Workers' Comp Case Report: Pre-existing Condition

Joe Di Bartolomeo
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Joe Di Bartolomeo is a top rated personal injury lawyer helping Oregon and Washington families
Posted on Jan 30, 2015

In this case, the Workers' Compensation Board reviewed a decision involving both an injury claim and an aggravation claim.

The worker, a mechanic, suffered an injuryworking for one employer, and that claim was accepted as an on-the-job injury claim.  Several months later, the injured worker went to work for another employer, and suffered a similar injury. The injured worker filed both an "injury" claim against his new employer, and an "aggravation" claim against his prior employer.

And "aggravation" claim is a claim that an accepted medical condition has "actually worsened" within a five-year period after a claim has been closed. In order for an injured worker to prove an aggravation claim, he or she must show that there has been an actual worsening of the accepted medical condition. Only a physician can file an aggravation claim. The term "actual worsening" means there must be some objective medical evidence that the original medical injury has worsened. To be "objective," the worsening must be verified either on a clinical exam, or some imaging study, like an MRI or an x-ray.

In this case, both employers sent the injured worker to independent medical examiners. Based on the opinions of the independent medical examiners, the hearings Judge found that the injury had combined with a pre-existing condition, and that the pre-existing condition was the main cause for ongoing need for treatment and disability. The injured worker disagreed, and appealed the case.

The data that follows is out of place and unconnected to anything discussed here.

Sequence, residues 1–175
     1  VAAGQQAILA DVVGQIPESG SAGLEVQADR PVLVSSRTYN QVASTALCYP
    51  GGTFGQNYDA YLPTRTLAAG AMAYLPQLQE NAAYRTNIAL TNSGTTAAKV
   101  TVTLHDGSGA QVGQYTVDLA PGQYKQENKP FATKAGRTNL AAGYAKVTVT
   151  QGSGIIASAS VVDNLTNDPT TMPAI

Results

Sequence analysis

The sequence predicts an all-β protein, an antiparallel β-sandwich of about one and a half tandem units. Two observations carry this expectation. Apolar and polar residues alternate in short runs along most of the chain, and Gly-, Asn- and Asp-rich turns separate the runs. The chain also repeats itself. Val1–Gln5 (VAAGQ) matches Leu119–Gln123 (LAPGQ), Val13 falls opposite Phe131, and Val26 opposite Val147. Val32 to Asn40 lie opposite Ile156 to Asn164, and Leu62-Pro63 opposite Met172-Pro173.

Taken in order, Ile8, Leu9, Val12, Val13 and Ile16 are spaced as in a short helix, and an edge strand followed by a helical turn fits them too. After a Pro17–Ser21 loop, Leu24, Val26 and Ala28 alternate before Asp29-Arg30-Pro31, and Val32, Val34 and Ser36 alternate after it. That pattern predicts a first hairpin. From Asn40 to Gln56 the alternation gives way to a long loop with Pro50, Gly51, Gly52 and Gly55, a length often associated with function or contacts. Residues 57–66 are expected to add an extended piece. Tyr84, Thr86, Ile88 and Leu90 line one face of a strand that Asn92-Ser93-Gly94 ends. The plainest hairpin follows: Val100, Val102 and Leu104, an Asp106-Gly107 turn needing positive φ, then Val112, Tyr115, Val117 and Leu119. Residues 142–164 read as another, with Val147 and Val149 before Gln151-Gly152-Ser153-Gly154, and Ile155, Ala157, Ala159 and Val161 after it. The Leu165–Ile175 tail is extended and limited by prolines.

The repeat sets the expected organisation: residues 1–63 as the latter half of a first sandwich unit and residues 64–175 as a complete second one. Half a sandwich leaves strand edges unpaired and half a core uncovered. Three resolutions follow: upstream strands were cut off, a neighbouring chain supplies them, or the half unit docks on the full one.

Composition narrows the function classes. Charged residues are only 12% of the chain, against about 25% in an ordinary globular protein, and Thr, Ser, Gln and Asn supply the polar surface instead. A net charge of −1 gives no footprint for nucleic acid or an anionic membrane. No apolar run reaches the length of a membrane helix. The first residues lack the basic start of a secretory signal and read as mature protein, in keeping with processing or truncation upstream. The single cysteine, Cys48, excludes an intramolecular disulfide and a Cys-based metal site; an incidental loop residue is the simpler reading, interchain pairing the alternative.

The Board acknowledge that when an injured worker proves that the injury was the material cause of either disability or a need for care, it is up to the employer to determine whether or not the injury event combined with a pre-existing condition. The Board sided with the employer, finding that there was enough evidence that the work related injury did in fact combined with pre-existing arthritis in the spine. The Board also found that the better medical opinion evidence established that the injury event was never the major cause of the need for treatment.

This case involved several medical opinions and two employers. It illustrates how complicated a workers' compensation claim can be. If you have a serious on-the-job injury claim, and wonder about making a new claim, or appealing a recently denied claim, call us at 503-325-8600. We can review your claims file,  and spell out all of your options.